The Politics of Context and Hashtagtivism
In the age of hashtags, context has become the new form of political correctness. The politics of context determines where the lines are drawn. Today, the logic behind #notallmuslims is different that of #notallgunowners even though the implied premise is the same: the minority don't represent the majority. But when have you seen #notallLGBT or #notallChristians? The lines of this cultural coloring book are invisible at best. Discerning how to exploit the politics of context is something skillful politicians do. As citizens, we should be diligent about how our own context informs our desires, and realize that deployment of hashtags does not change hearts and minds.
In light of the tragedy of Orlando, discerning political context has become somewhat difficult. If the shooter, Omar Mateen, was gay, does the anti-LGBT framing still matter? Can it be rationalized through religious oppression and internal resentment? Was Mateen a singular actor radicalized through the internet or part of a larger network bent on destruction?
The beautifully terrifying thing about context is that it changes. It's not like a form of identification like gender or sexuality, although the ability of those to change is also up for debate. No matter what the truth of the situation around the Orlando shooting, each side will contextualize it in the to their own narrative.
If he was gay, then it was self-hate.
If he was a radical Islamist, then it was militant Islam.
If he or someone who helped him was here legally, then we need a wall.
If he bought those guns legally, then we need to take them away.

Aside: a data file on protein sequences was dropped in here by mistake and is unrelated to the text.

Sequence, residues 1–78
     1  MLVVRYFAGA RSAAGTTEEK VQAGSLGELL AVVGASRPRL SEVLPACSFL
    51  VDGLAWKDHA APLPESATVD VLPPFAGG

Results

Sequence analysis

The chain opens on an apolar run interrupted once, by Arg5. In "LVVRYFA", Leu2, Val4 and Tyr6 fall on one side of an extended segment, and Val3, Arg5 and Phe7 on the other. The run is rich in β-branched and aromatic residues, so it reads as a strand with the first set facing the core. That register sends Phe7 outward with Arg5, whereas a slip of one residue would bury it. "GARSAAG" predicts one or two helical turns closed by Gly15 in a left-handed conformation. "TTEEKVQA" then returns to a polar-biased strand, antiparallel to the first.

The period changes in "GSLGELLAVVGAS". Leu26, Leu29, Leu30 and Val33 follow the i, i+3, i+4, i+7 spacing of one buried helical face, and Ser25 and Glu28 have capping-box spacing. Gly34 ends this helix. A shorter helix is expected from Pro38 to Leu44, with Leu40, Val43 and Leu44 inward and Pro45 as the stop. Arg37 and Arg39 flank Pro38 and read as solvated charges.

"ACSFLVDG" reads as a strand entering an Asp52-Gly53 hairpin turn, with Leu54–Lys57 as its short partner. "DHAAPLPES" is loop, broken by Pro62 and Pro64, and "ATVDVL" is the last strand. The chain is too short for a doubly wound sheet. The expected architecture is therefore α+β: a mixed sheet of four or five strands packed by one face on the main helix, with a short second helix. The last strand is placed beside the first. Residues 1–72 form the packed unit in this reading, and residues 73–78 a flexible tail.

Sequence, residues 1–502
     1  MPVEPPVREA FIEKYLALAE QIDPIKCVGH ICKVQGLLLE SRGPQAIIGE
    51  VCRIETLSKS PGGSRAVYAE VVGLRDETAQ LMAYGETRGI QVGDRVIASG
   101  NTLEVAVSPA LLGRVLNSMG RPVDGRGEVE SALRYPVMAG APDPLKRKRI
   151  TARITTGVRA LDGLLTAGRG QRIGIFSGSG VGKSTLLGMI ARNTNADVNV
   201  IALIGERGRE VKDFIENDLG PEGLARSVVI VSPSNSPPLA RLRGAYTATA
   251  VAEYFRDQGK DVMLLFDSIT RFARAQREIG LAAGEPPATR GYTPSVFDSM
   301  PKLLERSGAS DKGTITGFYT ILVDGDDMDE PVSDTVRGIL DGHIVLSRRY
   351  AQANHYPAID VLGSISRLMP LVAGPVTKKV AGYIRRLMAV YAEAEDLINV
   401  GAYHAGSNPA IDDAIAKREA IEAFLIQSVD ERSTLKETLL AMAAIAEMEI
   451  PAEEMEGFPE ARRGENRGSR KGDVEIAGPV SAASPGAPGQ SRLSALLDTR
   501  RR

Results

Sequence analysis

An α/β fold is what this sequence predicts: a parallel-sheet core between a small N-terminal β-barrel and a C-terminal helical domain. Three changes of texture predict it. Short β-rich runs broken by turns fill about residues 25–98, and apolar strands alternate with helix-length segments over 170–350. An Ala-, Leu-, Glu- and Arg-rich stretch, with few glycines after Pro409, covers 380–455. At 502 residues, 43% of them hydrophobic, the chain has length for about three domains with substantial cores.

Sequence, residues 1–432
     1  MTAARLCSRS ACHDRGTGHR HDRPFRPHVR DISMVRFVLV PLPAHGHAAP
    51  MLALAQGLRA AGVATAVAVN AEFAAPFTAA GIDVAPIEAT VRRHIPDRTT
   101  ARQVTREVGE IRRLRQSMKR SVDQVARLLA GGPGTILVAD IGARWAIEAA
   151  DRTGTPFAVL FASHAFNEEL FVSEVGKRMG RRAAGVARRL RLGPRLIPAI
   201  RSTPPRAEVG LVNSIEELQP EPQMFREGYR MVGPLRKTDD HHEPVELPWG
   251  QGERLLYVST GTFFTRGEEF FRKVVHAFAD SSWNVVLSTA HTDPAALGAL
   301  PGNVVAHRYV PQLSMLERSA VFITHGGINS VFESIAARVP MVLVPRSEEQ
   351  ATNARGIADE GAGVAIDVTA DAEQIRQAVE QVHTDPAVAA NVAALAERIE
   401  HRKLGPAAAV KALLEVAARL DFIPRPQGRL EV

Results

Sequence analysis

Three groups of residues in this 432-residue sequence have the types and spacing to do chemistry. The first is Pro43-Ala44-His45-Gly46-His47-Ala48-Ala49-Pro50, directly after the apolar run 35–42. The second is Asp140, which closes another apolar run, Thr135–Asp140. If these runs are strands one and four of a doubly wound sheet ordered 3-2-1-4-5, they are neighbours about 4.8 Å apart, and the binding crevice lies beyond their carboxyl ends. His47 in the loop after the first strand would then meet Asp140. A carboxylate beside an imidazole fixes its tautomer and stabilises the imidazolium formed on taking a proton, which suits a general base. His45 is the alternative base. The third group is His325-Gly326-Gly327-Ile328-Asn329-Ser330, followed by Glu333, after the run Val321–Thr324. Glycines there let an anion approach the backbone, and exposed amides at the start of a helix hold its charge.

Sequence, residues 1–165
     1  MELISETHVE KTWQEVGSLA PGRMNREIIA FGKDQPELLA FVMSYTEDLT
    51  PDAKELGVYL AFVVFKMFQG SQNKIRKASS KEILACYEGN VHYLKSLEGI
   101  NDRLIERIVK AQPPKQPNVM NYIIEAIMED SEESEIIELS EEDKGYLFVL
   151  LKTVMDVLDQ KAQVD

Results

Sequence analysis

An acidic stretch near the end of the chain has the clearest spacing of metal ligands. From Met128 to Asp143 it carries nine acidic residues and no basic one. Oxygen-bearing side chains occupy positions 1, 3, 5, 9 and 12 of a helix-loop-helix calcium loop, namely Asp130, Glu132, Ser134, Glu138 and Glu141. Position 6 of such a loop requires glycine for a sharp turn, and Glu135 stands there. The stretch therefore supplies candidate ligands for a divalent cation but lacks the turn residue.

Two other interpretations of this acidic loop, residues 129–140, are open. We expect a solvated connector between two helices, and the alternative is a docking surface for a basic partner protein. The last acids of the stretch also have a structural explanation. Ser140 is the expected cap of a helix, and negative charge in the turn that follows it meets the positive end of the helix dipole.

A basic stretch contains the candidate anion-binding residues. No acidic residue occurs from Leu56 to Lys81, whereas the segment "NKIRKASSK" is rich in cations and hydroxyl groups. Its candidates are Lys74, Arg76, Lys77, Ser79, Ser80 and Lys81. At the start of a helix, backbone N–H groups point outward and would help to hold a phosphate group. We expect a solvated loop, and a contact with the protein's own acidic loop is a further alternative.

Each of these statements has a converse that can equally benefit the narrative of the right or left.
If he wasn't gay, then it was a hate crime.
If he wasn't a radical Islamist, then it's a mental health issue.
If he and all parties were here legally, ban muslim immigration.
If he bought those guns illegally, then we need more gun control legislation.
For the left, it seems the most effective formulation was a self-loathing individual driven to a hate crime by the oppression built into religion who should never have had guns in the first place.
For the right, it seems that the most effective formulation is a radical Islamic straight man who illegally purchased guns in order to murder Americans because our immigration system is broken and lets threats in.
We forget that many of these categories are not mutually exclusive. You can be a self-loathing gay radical Islamist who was here and purchased guns legally and had mental health issues. It doesnt fit a narrative, but that doesn't mean that it's not a potential truth. When you boil down truth to hashtags, we reduce our thoughts to the most basic level. This linguistic and concept reduction, something we are seeing metastasize on college campuses and social media, is dangerous in a world where accepted plurality leads to happiness and prosperity. We're not going to get anywhere with hashtags; they are great for pushing people's buttons but not so good at changing hearts and minds.